Penned by little-known Midwestern writer James C. Strouse, “Lonesome Jim” is a seriocomedy starring Casey Affleck as a rudderless young man returned to his boring native Indiana burg. Probably the lowest-key feature yet directed by low-key thesp Steve Buscemi, pic sports the same dry, off-center humor, characterful humanity, and deft grasp of milieu that marked “Trees Lounge” and “Animal Factory.” But while those underseen efforts quietly built up to considerable impact, there’s a slightness to the mildly eccentric material here that leaves the whole enterprise in danger of fluttering away. Cable and rental exposure looks likelier than hardtop play.
Back after a couple of barely communicado years in Manhattan — where he’ll only say he worked as a dog-walker — 27-year-old Jim (Affleck) lands on his parents’ doorstep with a thud and a whimper. Clearly the terribly sensitive (read: sulky) aspiring writer did not find success in the Big Apple. But Jim’s whole personality seems built on self-pity and self-fulfilling prophecies of failure.
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Nonetheless, mom Sally (Mary Kay Place) expresses delight at his surprise return. Dad Don (Seymour Cassel) is pretty blase about it, while elder brother Tim (Kevin Corrigan) — also back in his old bedroom, licking wounds from marital and career letdowns — is outright hostile.
It’s no wonder the siblings dislike each other: Being under the same roof means constant competition for the title of Most Miserable. Their total self-absorption is ignored by cynically pragmatic dad, while ma has long since dedicated herself to the illusion of a happy family.
Stuck in some undergraduate notion of nihilistic cool, Jim treats his brother’s real-world problems with such cavalier disdain that Tim purposely drives into a tree. This lands him comatose in the hospital where Anika (Liv Tyler), a nurse and single mom with whom Jim has already had a pathetic one-night stand, works. Miraculously, she still seems interested in Jim, though she continues to visit Tim after he wakes up and convalesces (with two broken legs) at home.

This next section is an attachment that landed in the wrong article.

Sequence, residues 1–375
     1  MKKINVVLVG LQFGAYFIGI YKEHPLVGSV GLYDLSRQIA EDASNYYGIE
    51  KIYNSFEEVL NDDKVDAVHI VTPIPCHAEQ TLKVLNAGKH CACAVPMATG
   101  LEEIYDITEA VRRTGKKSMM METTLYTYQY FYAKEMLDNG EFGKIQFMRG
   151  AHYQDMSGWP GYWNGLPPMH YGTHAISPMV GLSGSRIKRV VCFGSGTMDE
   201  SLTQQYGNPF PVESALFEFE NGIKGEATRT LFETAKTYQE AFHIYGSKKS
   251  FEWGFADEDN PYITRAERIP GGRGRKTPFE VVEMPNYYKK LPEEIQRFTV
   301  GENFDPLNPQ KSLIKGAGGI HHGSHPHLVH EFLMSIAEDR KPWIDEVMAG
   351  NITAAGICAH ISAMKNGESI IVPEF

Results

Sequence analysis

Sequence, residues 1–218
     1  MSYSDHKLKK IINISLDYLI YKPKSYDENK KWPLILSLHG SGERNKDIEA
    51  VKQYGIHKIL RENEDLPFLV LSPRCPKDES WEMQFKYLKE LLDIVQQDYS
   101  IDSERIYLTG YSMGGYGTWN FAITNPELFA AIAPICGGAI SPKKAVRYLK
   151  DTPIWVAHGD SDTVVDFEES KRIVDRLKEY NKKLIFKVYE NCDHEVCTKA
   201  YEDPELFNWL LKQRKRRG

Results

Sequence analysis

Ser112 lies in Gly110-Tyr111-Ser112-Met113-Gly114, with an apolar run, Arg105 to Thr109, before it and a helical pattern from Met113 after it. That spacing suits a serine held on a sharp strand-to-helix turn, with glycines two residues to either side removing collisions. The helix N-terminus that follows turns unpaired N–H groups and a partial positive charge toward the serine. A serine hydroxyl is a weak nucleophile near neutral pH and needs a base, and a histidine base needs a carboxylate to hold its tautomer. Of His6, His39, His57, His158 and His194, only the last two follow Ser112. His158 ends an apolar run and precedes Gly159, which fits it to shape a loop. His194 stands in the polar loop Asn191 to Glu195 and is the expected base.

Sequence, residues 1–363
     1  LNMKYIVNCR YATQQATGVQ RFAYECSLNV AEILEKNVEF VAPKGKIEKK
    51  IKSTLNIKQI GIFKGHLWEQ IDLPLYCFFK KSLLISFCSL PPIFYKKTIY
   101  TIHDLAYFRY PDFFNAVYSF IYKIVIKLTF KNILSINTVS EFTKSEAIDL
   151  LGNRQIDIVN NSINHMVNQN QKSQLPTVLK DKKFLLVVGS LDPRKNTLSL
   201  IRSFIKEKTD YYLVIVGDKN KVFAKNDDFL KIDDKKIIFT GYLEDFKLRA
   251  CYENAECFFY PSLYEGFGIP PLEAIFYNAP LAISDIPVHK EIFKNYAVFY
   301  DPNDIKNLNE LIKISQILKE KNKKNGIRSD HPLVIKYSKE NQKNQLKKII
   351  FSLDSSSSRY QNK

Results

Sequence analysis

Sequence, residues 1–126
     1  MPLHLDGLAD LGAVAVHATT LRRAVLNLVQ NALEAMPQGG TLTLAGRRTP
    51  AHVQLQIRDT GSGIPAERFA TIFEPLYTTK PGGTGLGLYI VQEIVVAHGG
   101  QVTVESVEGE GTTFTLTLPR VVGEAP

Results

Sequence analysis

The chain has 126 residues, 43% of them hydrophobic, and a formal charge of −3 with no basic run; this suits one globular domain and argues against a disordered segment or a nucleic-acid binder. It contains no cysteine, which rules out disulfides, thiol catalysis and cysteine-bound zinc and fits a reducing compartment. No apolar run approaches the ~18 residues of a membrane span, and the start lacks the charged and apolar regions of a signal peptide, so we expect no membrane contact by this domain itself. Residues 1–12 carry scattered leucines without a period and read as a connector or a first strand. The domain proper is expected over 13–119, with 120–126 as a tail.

That circumstance forces Jim — under paternal duress — to fill in for Tim as an elementary school girls’ basketball team coach, and to work at the dreaded ladder factory owned by mom and dad. The factory also employs black-sheep relation Uncle Stacy (Mark Boone Jr.), who prefers to be called Evil, and deals drugs out of the oblivious parents’ business.
Disbelief must be suspended when Jim agrees to open a checking account for Evil in his own name. As a result, blackmail enters the picture when the Feds descend on Ladder Inc., arresting Sally for allegedly operating a covert drug ring. Moment by moment, “Lonesome Jim” is likeable and funny (especially whenever dealing with Evil). Its shaggy tenor recalls such ’70s mini-classics as “Rancho Deluxe” and “Slither.” As seen before, Buscemi has a real feel for this kind of novelistic character comedy.
But he can’t always ease viewers past the central trouble spot in Strouse’s sly, amiable screenplay: A profoundly inert yet peevish protagonist whose act doesn’t seem all that worth getting together. Part of the problem may lay with Affleck, who in one sense is perfectly cast, and in another might just be too passive and withdrawn an actor to make those traits as amusing, perverse or poignant as intended.
Helmer’s flair for getting the understated best out of his cast otherwise holds down the line, with Boone offhandedly hilarious, and Place lending Sally surprising layers of neatly suppressed depth.
Shot on location around Goshen, Ind., HD lensing emphasizes the monochrome dreariness of a flat Midwestern winter; all other contribs are modestly right-on. Soundtrack heavy on retro soft-rock radio classics adds to pic’s air of irony-dusted banality gone awry.